I manage to work with this type of voluntary mental organization, both in my personal writing style and my business, by thinking of techniques and compartmentalizing the process along the way. Some people cannot compartmentalize a couple of things, let alone many at one time. Particularly in two different fields, business, and creative writing. People tend to become vested too much one way or the other, emotionally, limiting the exploration of various angles or business approach that could ultimately produce different results. Black and white or mediocre gray, pink and yellow, or aqua and teal type thinking, are fundamental explanations of the sort of thought process that I am describing. Different.

I have found over the years, business and writing, never to think as my neighbor would or to ask myself what someone else would do regarding a story line or project. Will my results be as good as others or better? I honestly never know. However, I understand any decision that I make, me, will be my own. So far, results have been promising, productive and often successful. If I make a mistake, I claim it. Own it. Fix it. Learn from it, and most importantly move on.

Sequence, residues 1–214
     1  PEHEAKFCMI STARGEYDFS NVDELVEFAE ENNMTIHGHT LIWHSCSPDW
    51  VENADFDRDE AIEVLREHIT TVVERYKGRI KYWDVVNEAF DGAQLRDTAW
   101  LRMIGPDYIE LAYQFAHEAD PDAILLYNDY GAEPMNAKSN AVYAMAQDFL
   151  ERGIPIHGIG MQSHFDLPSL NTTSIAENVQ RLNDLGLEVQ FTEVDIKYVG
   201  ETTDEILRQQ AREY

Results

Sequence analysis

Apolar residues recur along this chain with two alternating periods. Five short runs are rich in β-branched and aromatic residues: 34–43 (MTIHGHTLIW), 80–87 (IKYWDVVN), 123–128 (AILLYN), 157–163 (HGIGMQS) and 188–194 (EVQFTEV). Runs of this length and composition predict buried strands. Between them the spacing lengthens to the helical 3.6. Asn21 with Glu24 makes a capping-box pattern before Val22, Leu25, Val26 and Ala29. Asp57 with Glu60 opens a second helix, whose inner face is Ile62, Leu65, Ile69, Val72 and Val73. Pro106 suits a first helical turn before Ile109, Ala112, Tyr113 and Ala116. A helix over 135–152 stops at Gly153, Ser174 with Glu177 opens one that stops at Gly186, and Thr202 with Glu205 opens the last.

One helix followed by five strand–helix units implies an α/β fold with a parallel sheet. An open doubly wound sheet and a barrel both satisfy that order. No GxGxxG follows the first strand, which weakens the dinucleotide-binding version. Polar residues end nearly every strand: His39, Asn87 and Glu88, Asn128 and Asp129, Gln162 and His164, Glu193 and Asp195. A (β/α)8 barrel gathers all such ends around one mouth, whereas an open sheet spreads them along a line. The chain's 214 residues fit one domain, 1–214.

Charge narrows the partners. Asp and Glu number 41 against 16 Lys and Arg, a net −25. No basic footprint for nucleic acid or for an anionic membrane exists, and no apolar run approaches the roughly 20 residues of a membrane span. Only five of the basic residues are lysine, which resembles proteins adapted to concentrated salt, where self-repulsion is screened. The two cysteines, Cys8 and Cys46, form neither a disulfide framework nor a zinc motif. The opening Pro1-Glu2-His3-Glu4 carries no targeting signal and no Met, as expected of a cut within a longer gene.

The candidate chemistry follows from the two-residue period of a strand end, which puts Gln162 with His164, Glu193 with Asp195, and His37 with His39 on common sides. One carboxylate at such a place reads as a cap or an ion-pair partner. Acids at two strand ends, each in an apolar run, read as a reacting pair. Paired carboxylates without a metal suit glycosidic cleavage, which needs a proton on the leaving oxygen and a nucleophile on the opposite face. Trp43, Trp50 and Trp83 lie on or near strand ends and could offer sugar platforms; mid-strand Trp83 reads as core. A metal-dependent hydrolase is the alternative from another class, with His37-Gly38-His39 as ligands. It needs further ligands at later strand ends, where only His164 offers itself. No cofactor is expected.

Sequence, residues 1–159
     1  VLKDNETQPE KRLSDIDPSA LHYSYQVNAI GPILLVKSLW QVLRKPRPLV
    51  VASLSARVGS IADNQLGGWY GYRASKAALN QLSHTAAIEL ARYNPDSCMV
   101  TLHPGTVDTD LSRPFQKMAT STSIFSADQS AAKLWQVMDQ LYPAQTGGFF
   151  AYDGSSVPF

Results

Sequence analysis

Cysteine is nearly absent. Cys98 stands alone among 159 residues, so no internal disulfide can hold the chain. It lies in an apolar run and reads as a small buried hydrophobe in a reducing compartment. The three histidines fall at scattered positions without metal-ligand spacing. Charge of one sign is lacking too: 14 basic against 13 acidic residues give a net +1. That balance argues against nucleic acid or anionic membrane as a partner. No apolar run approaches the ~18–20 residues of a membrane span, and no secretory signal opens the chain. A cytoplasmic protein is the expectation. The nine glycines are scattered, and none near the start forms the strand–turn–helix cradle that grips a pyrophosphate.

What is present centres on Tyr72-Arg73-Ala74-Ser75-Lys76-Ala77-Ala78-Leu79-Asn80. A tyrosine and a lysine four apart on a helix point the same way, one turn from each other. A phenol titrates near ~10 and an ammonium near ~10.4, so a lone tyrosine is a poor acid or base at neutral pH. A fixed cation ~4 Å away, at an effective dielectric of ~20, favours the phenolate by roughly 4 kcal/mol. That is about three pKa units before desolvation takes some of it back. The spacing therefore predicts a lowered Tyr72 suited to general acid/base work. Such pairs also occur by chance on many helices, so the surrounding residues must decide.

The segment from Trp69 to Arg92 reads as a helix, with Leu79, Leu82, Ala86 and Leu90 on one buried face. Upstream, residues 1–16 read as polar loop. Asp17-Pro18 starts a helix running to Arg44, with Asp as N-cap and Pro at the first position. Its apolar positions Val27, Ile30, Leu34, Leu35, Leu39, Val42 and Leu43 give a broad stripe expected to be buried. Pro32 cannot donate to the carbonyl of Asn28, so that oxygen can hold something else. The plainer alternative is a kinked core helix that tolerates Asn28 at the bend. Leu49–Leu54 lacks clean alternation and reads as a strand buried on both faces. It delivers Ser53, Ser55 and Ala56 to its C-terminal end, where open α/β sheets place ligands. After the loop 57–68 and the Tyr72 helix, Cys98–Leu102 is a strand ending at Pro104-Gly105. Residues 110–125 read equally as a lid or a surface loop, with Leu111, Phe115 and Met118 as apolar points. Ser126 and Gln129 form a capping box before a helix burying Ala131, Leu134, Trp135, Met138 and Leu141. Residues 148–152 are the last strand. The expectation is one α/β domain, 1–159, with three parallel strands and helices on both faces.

I have found many people can be busy being busy, but they do not seem to get a lot done. Never confuse activity with achievement. Results will always speak for themselves. Think in different shades, and don’t be afraid to think outside of the box. Push that envelope or have people refer to you as crazy from time to time. Crazy often gets a lot done. Why? Because no one else seems to want to go there; mentally nor physically. However, mark my words, once the results start to roll in, and your peers note achievements and people are paying attention to what you are doing, you will know it is because you dared to think for yourself and take risks that everyone else was afraid to take. You made something happen. Now, what you make happen, you have to decide.

Shades of pink and aqua – don’t be afraid, go there!

Copyright © 2016 Amanda M. Thrasher

Amanda M. Thrasher